Jon Kessler’s installations respond to our current information-saturated culture where the search for the self often occurs within the realm of digital media. His most recent exhibition, “The Web“, immerses viewers in our technology obsessed world. Cameras and surveillance equipment abound, constantly capturing and clicking photos and videos of participants. The installation itself is a conceptual clusterfuck that suggests our importance of ritualistic clicking over what’s actually being captured with the clicks. His other work similarly addresses themes of capture, surveillance, fame, and mass media by using related techniques. These installations confuse us and ask us to consider the nature of reality and the authority we grant to technology and mass media with regard to our own identities.
Paris born London based Noemie Goudal‘s installation based photographs recreate rivers out of flowing fabric, bring large forests indoors, and transform a room into a cavernous hideout under the boardwalk.
South Korean artist Jihyun Park creates incredibly complex images by burning minute holes in rice paper with incense sticks. He then mounts the finished ‘drawings’ onto varnished canvases. The final results are beautifully serene images of trees, mountains, clouds, forests and branches. As a kind of reverse pointillism, Park is interested in the contrasts between empty space and positive space, or by taking something away (parts of the paper, and the incense stick) to create something new (the image).
Inspired by the books Gulliver’s Travels, Utopia, and Erewhon and after seeing the Japanese animated movie Castle in the Sky, Park became interested in the ideas of utopia and harmony. He expands these connections in his work further:
My recent work, Incense Series, focuses on this relationship while searching for the promised harmonic balance that utopia brings. Ironically, the word “utopia” in Korean is “Yi Sang Hwang” and “Hwang” means “incense”. (Source)
Park also talks about the ideas of positive and negative further. He says the shadows created by the holes in the paper are playing off of the light reflected from behind them. To him this is a fine example of Yin and Yang and two opposites who complicate and strengthen each other. He also chooses to outline his subjects or to fill them in – working with reverses in an aesthetic sense as well.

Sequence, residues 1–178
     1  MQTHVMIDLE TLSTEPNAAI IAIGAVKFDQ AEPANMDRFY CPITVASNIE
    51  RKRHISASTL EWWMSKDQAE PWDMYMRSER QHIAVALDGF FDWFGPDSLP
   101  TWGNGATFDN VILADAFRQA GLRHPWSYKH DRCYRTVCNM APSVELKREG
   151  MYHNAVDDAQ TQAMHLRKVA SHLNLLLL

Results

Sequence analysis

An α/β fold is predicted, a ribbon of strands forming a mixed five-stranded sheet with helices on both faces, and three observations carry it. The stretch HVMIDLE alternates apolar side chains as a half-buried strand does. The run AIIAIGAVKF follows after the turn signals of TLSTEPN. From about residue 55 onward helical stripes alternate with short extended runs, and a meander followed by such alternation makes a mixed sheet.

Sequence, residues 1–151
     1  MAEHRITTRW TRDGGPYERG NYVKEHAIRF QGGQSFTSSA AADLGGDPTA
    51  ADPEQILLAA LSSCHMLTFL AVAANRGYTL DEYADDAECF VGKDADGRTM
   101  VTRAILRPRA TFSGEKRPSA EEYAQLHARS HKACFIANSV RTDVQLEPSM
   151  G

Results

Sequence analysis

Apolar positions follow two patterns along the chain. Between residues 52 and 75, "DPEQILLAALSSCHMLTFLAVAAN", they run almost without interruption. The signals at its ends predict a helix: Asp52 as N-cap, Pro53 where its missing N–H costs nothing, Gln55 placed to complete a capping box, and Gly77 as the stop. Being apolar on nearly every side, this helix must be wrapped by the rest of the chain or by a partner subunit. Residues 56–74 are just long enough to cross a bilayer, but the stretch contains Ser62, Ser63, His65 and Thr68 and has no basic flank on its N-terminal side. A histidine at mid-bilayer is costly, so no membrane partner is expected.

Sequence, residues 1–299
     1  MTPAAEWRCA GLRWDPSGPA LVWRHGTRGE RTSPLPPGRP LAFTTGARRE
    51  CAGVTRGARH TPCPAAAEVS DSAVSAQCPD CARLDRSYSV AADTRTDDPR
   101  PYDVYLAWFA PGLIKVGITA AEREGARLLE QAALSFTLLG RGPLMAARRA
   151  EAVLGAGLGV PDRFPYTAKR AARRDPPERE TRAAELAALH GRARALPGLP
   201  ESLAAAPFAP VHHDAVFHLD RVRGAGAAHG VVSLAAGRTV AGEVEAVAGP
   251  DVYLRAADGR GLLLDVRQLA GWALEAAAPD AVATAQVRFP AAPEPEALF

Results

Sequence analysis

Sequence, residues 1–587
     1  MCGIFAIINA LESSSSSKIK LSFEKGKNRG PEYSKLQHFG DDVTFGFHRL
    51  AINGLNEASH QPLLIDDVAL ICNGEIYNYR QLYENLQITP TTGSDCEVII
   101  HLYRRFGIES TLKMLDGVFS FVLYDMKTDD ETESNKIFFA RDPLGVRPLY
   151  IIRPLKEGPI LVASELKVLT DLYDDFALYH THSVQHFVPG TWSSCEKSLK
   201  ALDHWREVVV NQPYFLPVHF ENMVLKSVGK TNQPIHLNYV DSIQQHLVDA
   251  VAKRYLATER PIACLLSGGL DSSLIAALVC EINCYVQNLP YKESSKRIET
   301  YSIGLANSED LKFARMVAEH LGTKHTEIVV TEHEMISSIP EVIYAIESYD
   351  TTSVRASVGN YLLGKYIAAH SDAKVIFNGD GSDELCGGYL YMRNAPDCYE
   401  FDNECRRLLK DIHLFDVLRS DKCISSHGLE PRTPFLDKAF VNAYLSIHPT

The subjects addressed in my work range from the natural world to memories of the past, reflecting the constant physical and emotional changes in our environment. It is my hope that the “moments” I captures of my subjects are ones when they are at their most ideal– true utopias. While drawing them with the incense, I am “holding” a split moment of harmony in my hands. (Source)
(Via Bored Panda)
Normally, fairytale princess characters are the epitome of chastity and innocence. With her series on folk stories, the Spain-based illustrator Marilen Adrover turns the concept of feminine modesty and purity on its head, presenting the gruesome mugshots of legendary heroines. Far from her days of resting piteously in a glass coffin, Snow White, an icon of the selfless domesticity of any ideal wife or helpmate, is arrested for sexual misconduct. Little Red Riding Hood, blood smeared across her once naive rosy cheeks, is taken in on murder charges. Poor, young Goldilocks, no longer a helpless child in search of shelter, has lived a life of crime, and she is reprimanded for breaking and entering. Lewis Carroll’s sweet Alice has grown disillusioned with the real world, turning to her own dangerous wonderland of psychotropic drugs.